The church was reordered in 1968 following a fire, and has a semi-circular platform at the E end of the nave with altar rails designed to match the arcades. Fibreglass crucifix by Anthony Weller of 1968. The seating is modern chairs. Good C19 font in a Perpendicular style. In the nave a polygonal pulpit with Arts-and-Crafts Gothic blind tracery with an inscription recording its gift as a memorial for WWI. Probably from the same set, and now in the S aisle, a fine lectern with a delicate buttressed stem and openwork tracery ends; one kneeling bench with vine scrolls; a credence table with openwork front; and a carved timber altar frontal with floral designs. Above the S aisle altar a reredos of the Crucifixion by Ninian Comper. All are probably c.1928.
The small trefoiled lower lights in the nave windows have very fine glass of 1889-97 by N H J Westlake. W window by Kempe, 1903. Figures of saints in the upper lights of the nave windows came from the former apse, and are mid C19.
Lychgate of 1928 at the High Street entrance.
The church, formerly known as St Giles, was one of two churches in Stony Stratford by the late middle ages, the other being the now ruined St Mary¿s. A church with several priests is recorded in Stony Stratford in the early C13, but it is not clear which was meant, and the earliest surviving fabric at St Giles is the C15 tower. By the 1530s, St Giles had a Lady Chapel and a vestry. St Giles was a chapel of Calverton, St Mary's a chapel of Wolverton. They became independent parishes in the mid C17, but were united in 1742 after St Mary's burnt down. St Giles was too small for the population, and, except for the tower, was rebuilt in 1776 in a Gothick style by Francis Hiorne of Warwick (1744-1789), notable Georgian church architect, especially noted for his elegant, early Gothick revival style seen to best effect at Tetbury, Gloucestershire. His elegant polygonal chancel, which had very tall, pointed windows with fanciful pinnacled, ogee tracery, was unfortunately demolished and rebuilt in 1928 to allow the High Street to be widened. His nave windows had previously been altered by E Swinfen Harris, a local architect, to allow the insertion of galleries. The interior of the church was damaged by fire in 1964, and was restored and reordered, reopening in 1968.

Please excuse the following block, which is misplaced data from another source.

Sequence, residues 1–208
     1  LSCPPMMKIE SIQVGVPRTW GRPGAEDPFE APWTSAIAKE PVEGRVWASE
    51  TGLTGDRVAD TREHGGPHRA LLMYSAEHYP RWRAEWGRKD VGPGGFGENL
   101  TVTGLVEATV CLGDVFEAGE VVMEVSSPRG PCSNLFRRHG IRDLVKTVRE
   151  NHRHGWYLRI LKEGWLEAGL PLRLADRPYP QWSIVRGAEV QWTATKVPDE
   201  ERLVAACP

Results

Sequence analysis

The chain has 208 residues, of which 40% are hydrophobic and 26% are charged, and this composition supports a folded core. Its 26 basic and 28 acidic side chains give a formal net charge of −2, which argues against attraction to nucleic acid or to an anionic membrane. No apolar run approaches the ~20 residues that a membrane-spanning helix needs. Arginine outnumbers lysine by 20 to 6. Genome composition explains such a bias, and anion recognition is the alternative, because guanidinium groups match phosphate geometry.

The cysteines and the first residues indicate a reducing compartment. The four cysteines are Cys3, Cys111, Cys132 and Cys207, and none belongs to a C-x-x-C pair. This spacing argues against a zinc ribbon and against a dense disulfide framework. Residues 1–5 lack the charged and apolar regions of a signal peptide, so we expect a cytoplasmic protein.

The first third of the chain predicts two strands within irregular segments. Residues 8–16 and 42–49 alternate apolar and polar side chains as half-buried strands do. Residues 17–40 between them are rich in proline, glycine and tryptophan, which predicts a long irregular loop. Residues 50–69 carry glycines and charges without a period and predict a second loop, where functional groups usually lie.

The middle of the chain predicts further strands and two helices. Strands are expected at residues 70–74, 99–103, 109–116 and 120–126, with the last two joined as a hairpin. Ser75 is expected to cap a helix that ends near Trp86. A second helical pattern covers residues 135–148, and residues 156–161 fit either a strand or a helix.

Pevsner, N., Buildings of England: Buckinghamshire (1994), 552-3
VCH Buckinghamshire, IV (1927), 476-482
REASONS FOR DESIGNATION
The church of St Mary and St Giles, Stony Stratford, is designated at Grade II* for the following principal reasons:
* Mid to late C15 W tower, the rest of the church rebuilt 1776-7 by Francis Hiorne of Warwick with a fine Gothic interior including a plaster vault, possessing great spatial quality.
* For its interesting construction: an early employment of structural cast iron, enabling a soaring interior to be created.
* Excellent glass by Westlake.